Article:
The 6-foot-5 Bryce averaged 17.4 points, 5.4 rebounds and 3.0 assists per game last season as he helped the Seahawks to an NCAA tournament appearance. Bryce will have to sit out the 2017-18 season due to NCAA transfer regulations, but he’ll have two seasons of eligibility remaining after sitting out one season.

With N.C. State getting center Omer Yurtseven back for next season, and with the addition of Bryce, it means that Keatts has retained, or added, some talented players for the next few seasons. The Wolfpack still have to fill a lot of roster spots from last season’s team, but Keatts seems to be having a really good week.

Seven identified after threats made against referee John Higgins following Kentucky Elite Eight loss

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College basketball referee John Higgins received threats to his home and business in late March after some controversial calls in North Carolina’s win over Kentucky in the 2017 NCAA Tournament.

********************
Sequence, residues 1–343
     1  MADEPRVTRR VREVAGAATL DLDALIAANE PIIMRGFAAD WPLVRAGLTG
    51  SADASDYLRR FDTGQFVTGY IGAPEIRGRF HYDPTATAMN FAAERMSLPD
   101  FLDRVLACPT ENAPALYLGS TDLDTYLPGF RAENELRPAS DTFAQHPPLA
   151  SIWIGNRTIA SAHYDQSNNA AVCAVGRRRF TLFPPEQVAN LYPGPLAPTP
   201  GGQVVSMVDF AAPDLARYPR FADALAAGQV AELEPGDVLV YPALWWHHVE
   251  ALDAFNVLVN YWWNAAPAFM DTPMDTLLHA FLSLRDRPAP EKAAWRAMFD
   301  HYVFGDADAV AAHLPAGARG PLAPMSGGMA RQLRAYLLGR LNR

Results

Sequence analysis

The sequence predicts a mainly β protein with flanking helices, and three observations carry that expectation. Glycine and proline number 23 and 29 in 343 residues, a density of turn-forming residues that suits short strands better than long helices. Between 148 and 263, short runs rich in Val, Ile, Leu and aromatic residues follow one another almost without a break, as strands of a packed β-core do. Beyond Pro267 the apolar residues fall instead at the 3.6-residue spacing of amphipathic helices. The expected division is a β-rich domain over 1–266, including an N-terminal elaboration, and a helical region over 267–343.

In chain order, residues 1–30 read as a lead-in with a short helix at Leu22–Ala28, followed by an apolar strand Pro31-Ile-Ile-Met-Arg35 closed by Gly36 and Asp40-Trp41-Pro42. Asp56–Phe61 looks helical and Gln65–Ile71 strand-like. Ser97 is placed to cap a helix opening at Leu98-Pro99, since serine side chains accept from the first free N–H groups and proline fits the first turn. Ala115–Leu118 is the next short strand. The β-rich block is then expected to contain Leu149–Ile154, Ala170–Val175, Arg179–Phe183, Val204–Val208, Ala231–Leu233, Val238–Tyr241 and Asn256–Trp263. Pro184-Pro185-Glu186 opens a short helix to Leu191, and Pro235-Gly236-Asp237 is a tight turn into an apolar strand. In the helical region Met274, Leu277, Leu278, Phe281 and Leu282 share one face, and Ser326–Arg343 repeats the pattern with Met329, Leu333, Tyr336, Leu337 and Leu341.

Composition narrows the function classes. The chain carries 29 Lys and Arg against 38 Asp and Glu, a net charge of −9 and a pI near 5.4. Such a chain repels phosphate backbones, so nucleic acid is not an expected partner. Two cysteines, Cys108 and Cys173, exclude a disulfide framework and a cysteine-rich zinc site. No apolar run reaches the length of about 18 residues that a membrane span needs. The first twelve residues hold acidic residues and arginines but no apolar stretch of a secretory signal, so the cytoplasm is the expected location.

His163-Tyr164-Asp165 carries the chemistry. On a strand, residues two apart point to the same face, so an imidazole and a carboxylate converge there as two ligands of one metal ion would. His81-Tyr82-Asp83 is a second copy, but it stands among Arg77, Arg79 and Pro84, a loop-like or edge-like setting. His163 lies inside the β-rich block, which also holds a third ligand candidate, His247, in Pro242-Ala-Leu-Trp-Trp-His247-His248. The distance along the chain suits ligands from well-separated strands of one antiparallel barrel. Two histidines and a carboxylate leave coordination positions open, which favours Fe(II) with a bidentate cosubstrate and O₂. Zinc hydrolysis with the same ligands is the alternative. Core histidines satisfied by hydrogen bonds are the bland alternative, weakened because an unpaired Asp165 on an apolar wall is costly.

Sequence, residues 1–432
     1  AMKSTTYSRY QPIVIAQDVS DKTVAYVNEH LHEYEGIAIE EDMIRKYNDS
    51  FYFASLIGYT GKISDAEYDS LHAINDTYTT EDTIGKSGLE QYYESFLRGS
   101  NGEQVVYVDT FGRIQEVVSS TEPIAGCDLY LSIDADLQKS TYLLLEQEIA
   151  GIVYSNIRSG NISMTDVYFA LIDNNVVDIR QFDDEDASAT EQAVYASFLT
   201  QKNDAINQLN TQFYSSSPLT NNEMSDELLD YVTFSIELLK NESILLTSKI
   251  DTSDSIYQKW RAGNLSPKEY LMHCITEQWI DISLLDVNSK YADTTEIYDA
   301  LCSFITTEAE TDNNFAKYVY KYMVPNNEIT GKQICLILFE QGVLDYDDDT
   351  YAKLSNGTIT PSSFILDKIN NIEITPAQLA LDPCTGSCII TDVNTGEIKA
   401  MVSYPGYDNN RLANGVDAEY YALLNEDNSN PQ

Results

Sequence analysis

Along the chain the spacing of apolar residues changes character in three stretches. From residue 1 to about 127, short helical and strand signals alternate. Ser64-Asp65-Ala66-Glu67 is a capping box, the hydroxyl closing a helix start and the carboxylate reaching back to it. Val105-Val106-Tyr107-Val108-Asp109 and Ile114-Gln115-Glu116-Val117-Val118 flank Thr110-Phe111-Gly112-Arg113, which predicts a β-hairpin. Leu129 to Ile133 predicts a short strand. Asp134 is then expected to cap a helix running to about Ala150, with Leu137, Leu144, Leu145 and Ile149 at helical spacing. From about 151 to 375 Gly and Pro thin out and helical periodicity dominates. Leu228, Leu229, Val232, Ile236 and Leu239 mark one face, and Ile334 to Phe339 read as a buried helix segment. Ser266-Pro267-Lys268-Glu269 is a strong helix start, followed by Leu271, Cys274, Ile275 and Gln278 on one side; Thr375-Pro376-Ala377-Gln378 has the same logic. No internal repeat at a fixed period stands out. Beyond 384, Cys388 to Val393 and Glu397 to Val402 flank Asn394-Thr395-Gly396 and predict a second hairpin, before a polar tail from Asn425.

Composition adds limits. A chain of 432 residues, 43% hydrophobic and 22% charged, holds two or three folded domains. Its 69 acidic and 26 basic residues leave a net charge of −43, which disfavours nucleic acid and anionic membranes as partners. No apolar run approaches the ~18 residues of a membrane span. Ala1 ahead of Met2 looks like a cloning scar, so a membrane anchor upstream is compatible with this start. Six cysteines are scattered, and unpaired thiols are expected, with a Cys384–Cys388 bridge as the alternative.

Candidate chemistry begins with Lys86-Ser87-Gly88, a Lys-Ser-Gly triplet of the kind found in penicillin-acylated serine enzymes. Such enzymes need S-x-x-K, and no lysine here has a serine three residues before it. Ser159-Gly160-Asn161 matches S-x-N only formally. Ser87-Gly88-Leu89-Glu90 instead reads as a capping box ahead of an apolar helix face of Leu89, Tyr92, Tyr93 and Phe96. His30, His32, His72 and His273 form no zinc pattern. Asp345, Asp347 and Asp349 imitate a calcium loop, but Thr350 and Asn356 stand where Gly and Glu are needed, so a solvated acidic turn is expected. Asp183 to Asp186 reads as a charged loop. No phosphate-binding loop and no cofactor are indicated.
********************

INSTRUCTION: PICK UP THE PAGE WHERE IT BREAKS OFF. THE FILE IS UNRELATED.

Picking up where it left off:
Seven people have now been identified for making threats against Higgins, according to an Associated Press report. The FBI’s Omaha, Nebraska field office said that information on the seven people will be referred to authorities in their jurisdictions.

An investigation over the last few months helped find the culprits, as the Omaha-based Higgins received emails, phone calls and voicemails to his personal home and roofing company following Kentucky’s NCAA Tournament departure. Wildcat head coach John Calipari might have ignited some of the anger in Kentucky fans by criticizing the officiating following the North Carolina loss.